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Budget compromise includes money for traffic improvements for Fort Belvoir, Bethesda

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The 2011 budget deal struck by Congress last week includes $300 million to expand roads around military bases in Fairfax and Montgomery counties that will absorb tens of thousands of new commuters as part of a seismic relocation of the region’s military workforce.

The money would be used to widen roads and expand intersections that are expected to choke with traffic later this year with the massive shift of military personnel to Fort Belvoir and the National Naval Medical Center in Bethesda.

The width of Route 1 at Fort Belvoir would be increased from four to six lanes, and turning lanes and signal improvements would be made at several intersections adjacent to the Bethesda medical center.

“We’ve been working on this for a long time to make sure our wounded soldiers and their families get the support they need and we mitigate the traffic congestion,” said Rep. Chris Van Hollen (D-Md.).

The potential for a traffic nightmare has put the region’s congressional delegation sharply at odds with the Pentagon, which took little account of rush-hour congestion in 2005 when it shifted thousands of people from locations better served by mass transit to facilities that offered few ­choices but commuting by car as part of its base realignment program, known as BRAC.

Under its guidelines, the Pentagon isn’t required to help pay for transportation improvements surrounding a military base slated for growth unless its actions would cause congestion to double. For a region already burdened with some of the nation’s worst traffic problems, that was an impossible and undesirable standard to meet.

With the bulk of the relocations slated to take place by September, the new funding won’t arrive in time to avert traffic woes. The $300 million is included in the compromise reached to avert a federal shutdown, an agreement that will come to a vote in both houses this week.

“We have worked for more than a year with our colleagues in both chambers, from both states and in both parties, to make sure we could provide this critically important investment in the region’s already overloaded transportation network,” said Sen. Mark R. Warner (D-Va.).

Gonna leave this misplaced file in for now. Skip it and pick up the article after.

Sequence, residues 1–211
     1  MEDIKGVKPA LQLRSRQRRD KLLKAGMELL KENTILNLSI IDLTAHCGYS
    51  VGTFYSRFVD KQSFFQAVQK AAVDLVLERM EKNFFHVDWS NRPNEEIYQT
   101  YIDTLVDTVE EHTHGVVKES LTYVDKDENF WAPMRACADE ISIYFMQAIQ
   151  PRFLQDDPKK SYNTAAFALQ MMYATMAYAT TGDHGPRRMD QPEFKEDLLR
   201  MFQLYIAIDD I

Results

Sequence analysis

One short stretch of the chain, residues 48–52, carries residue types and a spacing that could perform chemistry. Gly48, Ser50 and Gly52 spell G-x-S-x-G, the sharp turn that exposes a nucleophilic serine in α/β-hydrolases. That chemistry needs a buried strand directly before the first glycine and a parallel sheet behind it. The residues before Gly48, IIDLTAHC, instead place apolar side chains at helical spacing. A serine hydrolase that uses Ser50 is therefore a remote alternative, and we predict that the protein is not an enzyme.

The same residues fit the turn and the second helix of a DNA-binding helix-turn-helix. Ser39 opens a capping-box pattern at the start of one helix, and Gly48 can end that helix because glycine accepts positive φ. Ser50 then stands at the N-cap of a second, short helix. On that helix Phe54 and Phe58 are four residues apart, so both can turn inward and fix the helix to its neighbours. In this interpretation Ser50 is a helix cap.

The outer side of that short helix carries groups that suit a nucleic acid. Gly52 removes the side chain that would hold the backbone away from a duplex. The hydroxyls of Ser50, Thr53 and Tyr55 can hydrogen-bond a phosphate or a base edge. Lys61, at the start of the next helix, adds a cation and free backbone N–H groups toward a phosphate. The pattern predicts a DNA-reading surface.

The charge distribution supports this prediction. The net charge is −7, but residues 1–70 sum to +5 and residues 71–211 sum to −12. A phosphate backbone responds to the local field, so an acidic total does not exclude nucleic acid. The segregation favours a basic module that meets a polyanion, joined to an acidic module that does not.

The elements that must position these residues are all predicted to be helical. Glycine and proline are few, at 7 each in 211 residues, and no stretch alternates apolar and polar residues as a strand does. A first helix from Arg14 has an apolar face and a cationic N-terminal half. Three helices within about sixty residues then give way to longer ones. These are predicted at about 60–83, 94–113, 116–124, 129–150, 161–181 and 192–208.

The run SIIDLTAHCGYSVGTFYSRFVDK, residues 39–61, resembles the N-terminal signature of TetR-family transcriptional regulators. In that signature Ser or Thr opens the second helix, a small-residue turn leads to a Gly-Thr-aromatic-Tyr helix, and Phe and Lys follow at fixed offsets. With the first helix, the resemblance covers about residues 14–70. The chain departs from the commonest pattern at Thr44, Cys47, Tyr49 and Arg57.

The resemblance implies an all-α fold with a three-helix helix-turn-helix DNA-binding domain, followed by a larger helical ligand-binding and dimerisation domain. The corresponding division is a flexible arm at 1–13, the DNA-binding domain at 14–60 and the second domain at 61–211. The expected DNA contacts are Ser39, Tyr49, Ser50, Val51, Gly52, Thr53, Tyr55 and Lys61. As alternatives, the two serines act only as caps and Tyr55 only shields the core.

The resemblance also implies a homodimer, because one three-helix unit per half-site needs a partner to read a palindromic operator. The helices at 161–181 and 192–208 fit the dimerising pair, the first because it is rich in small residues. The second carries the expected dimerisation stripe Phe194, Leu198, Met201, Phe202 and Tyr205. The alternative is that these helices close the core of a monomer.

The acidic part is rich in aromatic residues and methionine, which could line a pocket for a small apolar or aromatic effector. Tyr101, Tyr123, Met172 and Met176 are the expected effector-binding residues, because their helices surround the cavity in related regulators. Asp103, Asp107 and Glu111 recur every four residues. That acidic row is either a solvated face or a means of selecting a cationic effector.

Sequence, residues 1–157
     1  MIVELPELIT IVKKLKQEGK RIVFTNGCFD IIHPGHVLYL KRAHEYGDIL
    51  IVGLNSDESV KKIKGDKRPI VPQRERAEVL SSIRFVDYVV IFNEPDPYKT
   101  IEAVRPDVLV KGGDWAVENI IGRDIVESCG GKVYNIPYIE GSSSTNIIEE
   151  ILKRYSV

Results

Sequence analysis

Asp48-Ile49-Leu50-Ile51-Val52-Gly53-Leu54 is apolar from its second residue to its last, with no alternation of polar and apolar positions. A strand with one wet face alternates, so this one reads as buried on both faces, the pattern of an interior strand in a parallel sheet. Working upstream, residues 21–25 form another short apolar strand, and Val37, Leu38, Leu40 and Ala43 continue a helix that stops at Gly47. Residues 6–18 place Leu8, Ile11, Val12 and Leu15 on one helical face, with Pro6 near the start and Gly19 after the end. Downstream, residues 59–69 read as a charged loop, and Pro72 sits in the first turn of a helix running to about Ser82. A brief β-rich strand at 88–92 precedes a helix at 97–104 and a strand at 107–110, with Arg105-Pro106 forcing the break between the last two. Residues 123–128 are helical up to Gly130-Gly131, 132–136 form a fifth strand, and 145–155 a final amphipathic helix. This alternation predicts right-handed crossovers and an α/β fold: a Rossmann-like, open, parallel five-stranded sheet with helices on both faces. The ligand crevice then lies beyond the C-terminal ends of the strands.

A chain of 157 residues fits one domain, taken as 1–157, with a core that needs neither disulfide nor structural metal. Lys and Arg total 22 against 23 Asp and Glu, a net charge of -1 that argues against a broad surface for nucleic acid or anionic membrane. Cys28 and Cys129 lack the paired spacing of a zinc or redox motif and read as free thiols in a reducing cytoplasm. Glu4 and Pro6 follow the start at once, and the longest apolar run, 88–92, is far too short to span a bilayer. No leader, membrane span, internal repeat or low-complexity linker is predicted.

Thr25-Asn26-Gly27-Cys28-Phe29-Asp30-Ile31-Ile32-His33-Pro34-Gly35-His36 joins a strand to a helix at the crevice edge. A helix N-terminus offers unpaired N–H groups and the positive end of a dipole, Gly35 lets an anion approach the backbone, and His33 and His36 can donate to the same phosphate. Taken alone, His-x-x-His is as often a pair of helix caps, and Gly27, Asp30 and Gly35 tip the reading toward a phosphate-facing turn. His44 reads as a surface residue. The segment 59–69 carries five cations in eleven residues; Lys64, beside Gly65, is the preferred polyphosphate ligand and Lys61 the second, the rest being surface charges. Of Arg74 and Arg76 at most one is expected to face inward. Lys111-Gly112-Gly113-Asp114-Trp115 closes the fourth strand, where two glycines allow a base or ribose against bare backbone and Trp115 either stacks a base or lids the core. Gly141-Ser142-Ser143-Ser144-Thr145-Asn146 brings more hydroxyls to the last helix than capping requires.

Virginia has spent $400 million on BRAC improvements, and almost $1 billion will be spent in a public-private partnership to build high-occupancy toll lanes on Interstate 95, which will be heavily affected.

“This is a major win for Northern Virginians,” said Rep. James P. Moran (D-Va.). “We can’t have our service members tied up in traffic trying to get to the hospital, nor accept what would otherwise be an interminable delay for the tens of thousands of commuters who must drive by Fort Belvoir each weekday morning.”

The funding doesn’t include money for what is expected to create the region’s biggest traffic snarl, the relocation of 6,400 defense workers to the Mark Center, an Alexandria office complex alongside Interstate 395.

A plan by the Virginia Transportation Department to build a new carpool and bus ramp where I-395 exits at Seminary Road was delayed last week by 18 months when federal officials mandated a more thorough environmental impact study.

“The BRAC funding is a good down payment, but much more will be needed to meet the transportation challenge of 22,000 new employees coming to Fort Belvoir this fall,” said Rep. Gerald E. Connolly (D-Va.). “We still have the larger problem of how we’re going to resolve the gridlock that will inevitably occur on Route 95, the Fairfax County Parkway, and other highways around Belvoir.”

With the Bethesda facility absorbing the Walter Reed Army Medical Center, 2,200 new workers and a half-million hospital visitors a year will be added to the traffic load.

Maryland has invested $135 million in transportation improvements and says it needs an additional $300 million to handle BRAC-related traffic at Bethesda and Fort Meade.

A report in February by the National Academy of Sciences found that the Pentagon should have shouldered some of the burden of 30 major highway and transit projects needed to accommodate traffic at the three installations. It forecast “lengthy queues of stalled traffic” and “a near perfect storm of problems.”

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